For cinematographer and FREE THE WORK creator Bianca Cline, perspective is everything. Cline has enjoyed a career behind the lens working across commercial, theatrical, and television projects. Anchored by her belief in the power of the lens and its ability to convey subtext, Cline’s projects put audiences in the shoes of their protagonists. With Marcel the Shell with Shoes On, Bianca collaborated with director Dean Fleischer-Camp and writer/actress Jenny Slate to bring the “true story” of the delightfully charming Marcel to life.
Your latest project, MARCEL THE SHELL WITH SHOES ON from A24 arrives in theaters on June 24. What initially attracted you to working on this project?
Bianca Cline: I wanted to do this film because of Marcel. He made me laugh incredibly hard and then moments later he had me in tears. When deciding which films I want to dedicate myself to it’s the script and the director that pull me in. If it’s a story worth telling then I feel compelled to do it, I have no choice in the matter. Marcel is such a great story it would be a shame not to share it with the world.
A cinematographer’s lens (pun intended) on the world has such a profound influence on their work. What are some ways in which your lived experience has shaped your way of seeing the world, and how does that show up in your work?
Bianca Cline: I think there is no way for an artist’s view of the world not to seep into their work. I don’t believe filmmakers can be absolutely neutral in their portrayal of the world, so I try to lean into my own experiences and make them a part of the film. I approach every film by trying to relate it to my own experiences and I think that makes the film feel much more personal, not just for me, but for the audience.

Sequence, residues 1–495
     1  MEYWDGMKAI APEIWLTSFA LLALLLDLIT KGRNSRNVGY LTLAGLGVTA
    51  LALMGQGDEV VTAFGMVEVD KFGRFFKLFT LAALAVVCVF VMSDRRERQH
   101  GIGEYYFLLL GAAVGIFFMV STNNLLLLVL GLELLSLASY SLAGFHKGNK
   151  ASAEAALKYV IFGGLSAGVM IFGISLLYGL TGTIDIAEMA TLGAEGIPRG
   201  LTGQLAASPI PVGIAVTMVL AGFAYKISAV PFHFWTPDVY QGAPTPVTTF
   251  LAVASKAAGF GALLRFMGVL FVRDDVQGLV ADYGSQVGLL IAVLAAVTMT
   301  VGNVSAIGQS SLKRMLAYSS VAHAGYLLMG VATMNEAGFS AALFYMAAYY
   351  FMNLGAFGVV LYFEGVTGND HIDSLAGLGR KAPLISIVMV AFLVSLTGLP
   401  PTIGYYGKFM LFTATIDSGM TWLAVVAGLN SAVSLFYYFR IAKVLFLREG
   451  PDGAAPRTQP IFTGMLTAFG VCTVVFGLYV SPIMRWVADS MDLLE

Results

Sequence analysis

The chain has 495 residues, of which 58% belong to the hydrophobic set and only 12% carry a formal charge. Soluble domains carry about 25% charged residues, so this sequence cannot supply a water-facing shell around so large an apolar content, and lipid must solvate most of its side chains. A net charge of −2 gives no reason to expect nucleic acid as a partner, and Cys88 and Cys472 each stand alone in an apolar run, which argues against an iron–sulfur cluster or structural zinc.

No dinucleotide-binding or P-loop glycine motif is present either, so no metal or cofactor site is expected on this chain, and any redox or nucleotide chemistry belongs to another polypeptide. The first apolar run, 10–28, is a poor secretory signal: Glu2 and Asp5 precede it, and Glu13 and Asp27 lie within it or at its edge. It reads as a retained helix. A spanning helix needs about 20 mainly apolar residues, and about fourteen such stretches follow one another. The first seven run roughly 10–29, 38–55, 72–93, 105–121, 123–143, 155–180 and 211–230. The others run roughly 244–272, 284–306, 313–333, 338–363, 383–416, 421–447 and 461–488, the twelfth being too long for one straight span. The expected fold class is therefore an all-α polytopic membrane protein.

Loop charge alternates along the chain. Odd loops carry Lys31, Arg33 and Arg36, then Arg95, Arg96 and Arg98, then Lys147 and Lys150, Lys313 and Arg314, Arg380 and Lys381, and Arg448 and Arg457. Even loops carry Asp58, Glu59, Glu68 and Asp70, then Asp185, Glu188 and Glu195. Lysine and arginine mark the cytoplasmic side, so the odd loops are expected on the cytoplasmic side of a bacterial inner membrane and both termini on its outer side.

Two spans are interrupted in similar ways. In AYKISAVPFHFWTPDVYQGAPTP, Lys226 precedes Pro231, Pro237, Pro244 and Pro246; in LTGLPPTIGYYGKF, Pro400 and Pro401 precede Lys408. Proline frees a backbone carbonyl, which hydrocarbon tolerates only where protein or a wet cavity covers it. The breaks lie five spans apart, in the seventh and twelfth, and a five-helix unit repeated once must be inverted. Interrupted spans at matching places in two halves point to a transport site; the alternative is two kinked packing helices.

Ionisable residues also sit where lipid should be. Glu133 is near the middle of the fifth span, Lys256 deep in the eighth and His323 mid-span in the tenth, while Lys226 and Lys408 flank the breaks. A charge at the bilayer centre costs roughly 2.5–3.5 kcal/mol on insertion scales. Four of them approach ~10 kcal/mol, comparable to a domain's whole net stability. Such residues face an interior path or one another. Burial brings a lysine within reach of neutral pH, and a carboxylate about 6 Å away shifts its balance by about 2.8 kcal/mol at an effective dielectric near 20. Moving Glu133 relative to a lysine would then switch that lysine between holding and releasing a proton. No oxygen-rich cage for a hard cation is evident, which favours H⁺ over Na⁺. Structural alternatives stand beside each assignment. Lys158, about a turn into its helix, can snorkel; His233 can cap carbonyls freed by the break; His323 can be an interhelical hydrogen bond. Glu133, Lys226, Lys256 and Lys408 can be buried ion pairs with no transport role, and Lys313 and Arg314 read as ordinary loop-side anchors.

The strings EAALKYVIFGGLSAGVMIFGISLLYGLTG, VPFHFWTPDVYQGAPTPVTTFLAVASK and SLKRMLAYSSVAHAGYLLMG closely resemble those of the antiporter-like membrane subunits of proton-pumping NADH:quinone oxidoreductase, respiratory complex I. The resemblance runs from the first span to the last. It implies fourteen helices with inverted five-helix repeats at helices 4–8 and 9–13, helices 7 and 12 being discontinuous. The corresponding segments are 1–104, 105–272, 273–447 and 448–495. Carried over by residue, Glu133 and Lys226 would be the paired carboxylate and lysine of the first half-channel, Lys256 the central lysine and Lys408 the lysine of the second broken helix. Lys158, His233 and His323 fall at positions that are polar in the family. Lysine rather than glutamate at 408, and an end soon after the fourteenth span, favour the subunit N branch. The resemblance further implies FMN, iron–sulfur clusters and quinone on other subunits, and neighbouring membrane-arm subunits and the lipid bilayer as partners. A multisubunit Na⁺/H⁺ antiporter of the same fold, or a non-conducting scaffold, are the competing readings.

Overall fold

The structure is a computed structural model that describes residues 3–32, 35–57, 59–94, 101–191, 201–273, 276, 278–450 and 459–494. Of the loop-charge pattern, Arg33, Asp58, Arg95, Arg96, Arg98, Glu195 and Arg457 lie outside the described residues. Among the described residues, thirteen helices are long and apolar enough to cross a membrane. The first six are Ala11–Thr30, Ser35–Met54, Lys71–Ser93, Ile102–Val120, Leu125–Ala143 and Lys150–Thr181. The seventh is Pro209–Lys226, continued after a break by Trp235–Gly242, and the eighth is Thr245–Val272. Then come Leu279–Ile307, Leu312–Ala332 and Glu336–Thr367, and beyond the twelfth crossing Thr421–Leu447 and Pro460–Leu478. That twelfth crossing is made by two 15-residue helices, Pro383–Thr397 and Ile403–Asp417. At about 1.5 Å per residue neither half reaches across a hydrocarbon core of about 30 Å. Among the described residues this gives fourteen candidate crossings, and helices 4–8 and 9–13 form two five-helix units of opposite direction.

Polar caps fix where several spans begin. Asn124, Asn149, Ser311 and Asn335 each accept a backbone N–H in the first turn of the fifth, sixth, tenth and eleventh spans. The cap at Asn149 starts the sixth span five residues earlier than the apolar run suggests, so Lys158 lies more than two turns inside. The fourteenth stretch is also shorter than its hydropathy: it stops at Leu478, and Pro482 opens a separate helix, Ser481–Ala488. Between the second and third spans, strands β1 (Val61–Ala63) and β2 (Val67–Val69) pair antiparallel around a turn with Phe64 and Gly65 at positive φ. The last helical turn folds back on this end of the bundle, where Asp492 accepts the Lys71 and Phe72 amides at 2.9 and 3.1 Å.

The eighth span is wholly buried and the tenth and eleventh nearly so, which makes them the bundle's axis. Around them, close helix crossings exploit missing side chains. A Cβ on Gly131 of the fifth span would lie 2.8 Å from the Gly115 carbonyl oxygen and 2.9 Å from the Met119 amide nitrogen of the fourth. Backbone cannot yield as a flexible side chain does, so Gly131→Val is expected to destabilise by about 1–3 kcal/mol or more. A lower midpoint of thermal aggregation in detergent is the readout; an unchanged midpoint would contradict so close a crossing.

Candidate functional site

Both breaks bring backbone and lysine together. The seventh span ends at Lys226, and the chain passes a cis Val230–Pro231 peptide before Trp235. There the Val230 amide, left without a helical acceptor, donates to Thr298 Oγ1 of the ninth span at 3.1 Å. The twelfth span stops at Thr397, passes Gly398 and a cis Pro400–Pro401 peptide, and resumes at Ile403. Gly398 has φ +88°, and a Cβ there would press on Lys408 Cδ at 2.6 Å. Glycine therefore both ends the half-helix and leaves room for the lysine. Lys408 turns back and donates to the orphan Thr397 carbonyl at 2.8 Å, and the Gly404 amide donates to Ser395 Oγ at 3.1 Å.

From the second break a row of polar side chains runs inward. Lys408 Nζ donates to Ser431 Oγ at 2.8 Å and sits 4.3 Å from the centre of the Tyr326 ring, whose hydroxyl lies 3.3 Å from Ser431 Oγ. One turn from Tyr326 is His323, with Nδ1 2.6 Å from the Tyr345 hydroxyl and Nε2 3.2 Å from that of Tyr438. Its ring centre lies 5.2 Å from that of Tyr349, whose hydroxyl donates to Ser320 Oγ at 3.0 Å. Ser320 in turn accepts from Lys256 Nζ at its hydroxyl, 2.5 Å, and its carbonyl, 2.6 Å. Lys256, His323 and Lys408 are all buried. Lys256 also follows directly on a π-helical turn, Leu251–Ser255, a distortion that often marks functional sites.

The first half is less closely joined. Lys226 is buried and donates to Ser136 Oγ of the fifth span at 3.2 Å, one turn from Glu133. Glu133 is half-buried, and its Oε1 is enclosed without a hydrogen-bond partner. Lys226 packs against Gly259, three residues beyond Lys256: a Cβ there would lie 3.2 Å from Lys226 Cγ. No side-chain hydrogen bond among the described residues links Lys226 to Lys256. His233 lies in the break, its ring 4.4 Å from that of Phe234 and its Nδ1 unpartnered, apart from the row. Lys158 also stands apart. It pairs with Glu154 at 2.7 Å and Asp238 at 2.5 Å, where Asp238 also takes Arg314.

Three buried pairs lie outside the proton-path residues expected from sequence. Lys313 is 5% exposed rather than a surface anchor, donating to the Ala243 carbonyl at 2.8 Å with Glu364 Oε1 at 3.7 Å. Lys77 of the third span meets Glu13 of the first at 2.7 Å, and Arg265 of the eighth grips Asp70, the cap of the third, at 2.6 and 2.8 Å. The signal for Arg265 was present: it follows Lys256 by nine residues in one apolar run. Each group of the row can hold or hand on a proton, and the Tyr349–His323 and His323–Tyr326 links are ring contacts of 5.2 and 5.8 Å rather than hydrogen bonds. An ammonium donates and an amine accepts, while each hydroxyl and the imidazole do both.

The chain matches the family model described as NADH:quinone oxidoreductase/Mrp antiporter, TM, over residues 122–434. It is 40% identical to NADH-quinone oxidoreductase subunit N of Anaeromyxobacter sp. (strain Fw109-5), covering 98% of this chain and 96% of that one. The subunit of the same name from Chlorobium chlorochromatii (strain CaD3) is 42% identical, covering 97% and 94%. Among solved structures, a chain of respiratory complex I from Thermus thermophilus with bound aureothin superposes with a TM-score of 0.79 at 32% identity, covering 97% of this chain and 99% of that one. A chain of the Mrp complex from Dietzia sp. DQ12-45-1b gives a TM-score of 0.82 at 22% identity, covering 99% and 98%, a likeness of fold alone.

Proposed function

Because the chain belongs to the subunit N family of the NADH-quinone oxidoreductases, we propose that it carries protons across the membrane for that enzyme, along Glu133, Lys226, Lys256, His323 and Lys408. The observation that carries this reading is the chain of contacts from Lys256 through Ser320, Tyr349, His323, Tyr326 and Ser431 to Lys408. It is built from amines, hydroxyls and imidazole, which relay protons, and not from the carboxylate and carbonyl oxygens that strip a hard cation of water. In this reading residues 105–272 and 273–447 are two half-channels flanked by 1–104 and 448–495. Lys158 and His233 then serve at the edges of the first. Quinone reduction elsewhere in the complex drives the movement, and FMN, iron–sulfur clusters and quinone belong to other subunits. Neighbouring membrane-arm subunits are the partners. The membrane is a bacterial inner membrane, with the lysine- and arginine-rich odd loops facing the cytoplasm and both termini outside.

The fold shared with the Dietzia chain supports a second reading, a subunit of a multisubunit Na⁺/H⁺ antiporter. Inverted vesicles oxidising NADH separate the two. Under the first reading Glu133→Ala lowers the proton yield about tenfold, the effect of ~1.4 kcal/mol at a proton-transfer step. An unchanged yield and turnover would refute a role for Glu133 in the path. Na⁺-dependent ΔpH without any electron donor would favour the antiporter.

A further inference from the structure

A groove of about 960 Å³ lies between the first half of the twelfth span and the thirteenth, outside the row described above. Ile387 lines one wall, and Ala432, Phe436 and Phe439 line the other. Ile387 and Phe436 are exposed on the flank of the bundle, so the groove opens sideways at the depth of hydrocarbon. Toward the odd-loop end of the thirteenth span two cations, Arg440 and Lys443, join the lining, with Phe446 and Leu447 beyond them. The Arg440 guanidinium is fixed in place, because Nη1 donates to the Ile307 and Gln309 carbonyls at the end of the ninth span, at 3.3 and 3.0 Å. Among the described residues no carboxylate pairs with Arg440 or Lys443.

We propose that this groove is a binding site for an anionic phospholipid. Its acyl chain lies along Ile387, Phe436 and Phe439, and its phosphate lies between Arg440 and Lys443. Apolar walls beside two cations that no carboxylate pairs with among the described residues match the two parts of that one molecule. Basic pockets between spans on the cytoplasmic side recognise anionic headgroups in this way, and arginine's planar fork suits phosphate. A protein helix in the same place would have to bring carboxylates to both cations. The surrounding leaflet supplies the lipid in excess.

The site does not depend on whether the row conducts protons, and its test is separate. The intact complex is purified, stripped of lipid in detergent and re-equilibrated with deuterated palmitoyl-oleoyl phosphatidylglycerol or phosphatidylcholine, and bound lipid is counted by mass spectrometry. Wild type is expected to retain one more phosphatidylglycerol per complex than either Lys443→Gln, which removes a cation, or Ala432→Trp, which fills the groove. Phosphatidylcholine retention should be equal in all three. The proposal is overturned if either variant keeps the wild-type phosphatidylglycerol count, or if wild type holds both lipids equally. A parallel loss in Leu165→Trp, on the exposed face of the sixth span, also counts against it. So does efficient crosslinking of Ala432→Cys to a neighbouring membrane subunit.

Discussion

If we as cinematographers don’t add a personal element to our photography then we are just technicians and painting by number. Marcel The Shell With Shoes On touches on themes I definitely understand, such as loneliness, rejection, fear while also having an optimistic view of life.
What creators / films have had the biggest impact on your development of your creative vision and practice?
Bianca Cline: I think this is a difficult question to answer because there are so many different artists that influence my work, but there are a few that have had very specific influences in my life.
When I was fifteen years old I saw the film Immortal Beloved(photographed by Peter Suschitzky) and I realized how powerful photography can be in telling a story. It’s a film about Beethoven and his relationship with music. Suschitzky photographed it in such a way that the imagery expressed what the composer was feeling when he wrote his music. Watching the relationship between music and photography opened my mind to how similar the two are. They both make their audience feel emotions without saying a word.